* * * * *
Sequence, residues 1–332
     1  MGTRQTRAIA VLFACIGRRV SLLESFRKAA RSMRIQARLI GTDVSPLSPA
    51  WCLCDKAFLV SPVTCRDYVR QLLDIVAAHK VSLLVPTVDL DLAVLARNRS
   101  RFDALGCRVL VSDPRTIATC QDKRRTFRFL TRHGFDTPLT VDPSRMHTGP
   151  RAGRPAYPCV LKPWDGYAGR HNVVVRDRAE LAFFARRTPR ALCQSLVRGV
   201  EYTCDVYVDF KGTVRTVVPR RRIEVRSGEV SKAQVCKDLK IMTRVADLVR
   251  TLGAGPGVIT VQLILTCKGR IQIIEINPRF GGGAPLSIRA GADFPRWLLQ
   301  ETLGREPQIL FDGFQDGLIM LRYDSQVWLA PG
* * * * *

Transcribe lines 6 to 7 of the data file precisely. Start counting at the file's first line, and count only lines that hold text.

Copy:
   201  EYTCDVYVDF KGTVRTVVPR RRIEVRSGEV SKAQVCKDLK IMTRVADLVR
   251  TLGAGPGVIT VQLILTCKGR IQIIEINPRF GGGAPLSIRA GADFPRWLLQ